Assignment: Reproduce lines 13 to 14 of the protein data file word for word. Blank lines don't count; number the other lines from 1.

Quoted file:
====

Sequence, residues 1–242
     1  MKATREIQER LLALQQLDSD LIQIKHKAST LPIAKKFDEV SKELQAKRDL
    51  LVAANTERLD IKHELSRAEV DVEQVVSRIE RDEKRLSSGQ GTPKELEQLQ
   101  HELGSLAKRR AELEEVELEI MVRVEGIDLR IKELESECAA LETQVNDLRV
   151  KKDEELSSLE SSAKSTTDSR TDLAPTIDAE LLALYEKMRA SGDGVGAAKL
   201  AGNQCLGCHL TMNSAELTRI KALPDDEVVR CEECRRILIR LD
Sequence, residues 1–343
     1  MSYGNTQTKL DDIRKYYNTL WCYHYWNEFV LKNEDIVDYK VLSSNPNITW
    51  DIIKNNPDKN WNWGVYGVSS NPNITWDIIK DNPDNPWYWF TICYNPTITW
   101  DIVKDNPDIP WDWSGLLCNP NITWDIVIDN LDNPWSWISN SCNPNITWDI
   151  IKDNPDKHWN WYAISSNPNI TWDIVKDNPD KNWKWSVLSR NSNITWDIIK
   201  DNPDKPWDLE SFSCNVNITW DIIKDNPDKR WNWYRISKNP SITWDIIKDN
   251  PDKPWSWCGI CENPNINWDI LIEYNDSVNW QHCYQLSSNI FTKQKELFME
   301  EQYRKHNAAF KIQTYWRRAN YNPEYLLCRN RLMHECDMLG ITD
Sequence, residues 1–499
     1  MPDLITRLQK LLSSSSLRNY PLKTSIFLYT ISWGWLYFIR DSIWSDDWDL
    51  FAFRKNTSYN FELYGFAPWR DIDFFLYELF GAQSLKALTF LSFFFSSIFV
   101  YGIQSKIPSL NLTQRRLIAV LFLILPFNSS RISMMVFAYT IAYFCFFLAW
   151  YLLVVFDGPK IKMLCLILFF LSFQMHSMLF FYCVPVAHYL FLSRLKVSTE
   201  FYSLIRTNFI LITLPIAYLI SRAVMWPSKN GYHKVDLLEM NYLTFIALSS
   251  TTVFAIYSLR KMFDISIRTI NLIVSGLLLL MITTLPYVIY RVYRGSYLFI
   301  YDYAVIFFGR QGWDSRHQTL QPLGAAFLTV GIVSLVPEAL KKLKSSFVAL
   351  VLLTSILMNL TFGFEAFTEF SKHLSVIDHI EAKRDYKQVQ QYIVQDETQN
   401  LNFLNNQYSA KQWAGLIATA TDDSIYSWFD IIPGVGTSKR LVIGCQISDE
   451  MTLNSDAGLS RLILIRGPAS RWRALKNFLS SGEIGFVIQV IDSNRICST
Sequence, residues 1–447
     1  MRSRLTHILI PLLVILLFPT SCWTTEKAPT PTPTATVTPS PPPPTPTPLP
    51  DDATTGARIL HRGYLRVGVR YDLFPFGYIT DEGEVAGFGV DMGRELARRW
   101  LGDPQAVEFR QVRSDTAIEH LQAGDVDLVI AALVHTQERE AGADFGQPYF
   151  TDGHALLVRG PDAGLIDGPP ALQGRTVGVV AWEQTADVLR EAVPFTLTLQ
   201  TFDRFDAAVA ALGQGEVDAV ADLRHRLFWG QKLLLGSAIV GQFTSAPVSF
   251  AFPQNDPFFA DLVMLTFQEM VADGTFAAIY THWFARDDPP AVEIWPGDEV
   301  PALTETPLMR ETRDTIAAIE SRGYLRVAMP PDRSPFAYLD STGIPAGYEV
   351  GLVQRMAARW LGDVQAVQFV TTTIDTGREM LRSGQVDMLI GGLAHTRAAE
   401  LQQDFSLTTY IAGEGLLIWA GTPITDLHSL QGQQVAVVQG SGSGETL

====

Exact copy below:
   251  PDKPWSWCGI CENPNINWDI LIEYNDSVNW QHCYQLSSNI FTKQKELFME
   301  EQYRKHNAAF KIQTYWRRAN YNPEYLLCRN RLMHECDMLG ITD